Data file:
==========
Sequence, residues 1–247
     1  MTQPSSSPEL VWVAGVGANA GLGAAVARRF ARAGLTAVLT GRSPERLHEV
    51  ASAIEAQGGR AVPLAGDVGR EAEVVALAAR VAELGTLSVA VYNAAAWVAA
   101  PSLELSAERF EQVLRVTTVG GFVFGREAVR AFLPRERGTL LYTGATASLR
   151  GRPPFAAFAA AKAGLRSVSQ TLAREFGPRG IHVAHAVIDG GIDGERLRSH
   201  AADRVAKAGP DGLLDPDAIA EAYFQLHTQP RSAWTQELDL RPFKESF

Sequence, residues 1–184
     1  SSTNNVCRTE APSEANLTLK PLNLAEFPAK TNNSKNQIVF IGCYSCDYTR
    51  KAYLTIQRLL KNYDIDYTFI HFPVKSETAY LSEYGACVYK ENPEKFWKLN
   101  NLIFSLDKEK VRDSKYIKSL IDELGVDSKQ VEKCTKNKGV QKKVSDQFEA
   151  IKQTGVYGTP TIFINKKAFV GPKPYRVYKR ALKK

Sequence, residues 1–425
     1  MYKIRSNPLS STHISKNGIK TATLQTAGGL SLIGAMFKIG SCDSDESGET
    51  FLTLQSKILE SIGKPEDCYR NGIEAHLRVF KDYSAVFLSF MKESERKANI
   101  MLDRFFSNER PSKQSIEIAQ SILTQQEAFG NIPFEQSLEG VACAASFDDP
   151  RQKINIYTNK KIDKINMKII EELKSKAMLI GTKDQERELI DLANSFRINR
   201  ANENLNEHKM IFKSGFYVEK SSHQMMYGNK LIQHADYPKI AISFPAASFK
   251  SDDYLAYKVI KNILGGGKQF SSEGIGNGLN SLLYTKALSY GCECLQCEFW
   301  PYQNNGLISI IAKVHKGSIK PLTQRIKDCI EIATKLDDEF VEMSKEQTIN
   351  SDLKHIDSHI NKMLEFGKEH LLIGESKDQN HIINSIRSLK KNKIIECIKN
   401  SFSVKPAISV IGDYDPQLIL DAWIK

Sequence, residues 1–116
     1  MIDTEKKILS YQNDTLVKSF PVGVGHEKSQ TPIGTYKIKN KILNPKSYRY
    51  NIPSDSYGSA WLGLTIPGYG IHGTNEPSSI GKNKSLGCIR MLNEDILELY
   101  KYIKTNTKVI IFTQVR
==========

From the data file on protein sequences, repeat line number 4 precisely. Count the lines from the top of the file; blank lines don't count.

   101  PSLELSAERF EQVLRVTTVG GFVFGREAVR AFLPRERGTL LYTGATASLR